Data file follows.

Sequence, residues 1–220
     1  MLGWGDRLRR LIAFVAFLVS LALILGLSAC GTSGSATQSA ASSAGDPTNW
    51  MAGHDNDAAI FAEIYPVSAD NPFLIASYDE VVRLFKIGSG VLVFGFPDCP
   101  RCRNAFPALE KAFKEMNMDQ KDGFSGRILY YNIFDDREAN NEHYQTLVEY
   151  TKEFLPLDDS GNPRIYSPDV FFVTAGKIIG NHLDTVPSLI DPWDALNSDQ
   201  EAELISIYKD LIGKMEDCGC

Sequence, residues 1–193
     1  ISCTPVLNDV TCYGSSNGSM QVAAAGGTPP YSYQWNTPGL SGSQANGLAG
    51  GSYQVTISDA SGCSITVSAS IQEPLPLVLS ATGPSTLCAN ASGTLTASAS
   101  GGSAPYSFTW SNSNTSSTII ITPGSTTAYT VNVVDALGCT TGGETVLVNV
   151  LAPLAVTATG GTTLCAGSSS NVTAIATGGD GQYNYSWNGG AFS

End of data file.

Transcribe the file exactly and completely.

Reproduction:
Sequence, residues 1–220
     1  MLGWGDRLRR LIAFVAFLVS LALILGLSAC GTSGSATQSA ASSAGDPTNW
    51  MAGHDNDAAI FAEIYPVSAD NPFLIASYDE VVRLFKIGSG VLVFGFPDCP
   101  RCRNAFPALE KAFKEMNMDQ KDGFSGRILY YNIFDDREAN NEHYQTLVEY
   151  TKEFLPLDDS GNPRIYSPDV FFVTAGKIIG NHLDTVPSLI DPWDALNSDQ
   201  EAELISIYKD LIGKMEDCGC

Sequence, residues 1–193
     1  ISCTPVLNDV TCYGSSNGSM QVAAAGGTPP YSYQWNTPGL SGSQANGLAG
    51  GSYQVTISDA SGCSITVSAS IQEPLPLVLS ATGPSTLCAN ASGTLTASAS
   101  GGSAPYSFTW SNSNTSSTII ITPGSTTAYT VNVVDALGCT TGGETVLVNV
   151  LAPLAVTATG GTTLCAGSSS NVTAIATGGD GQYNYSWNGG AFS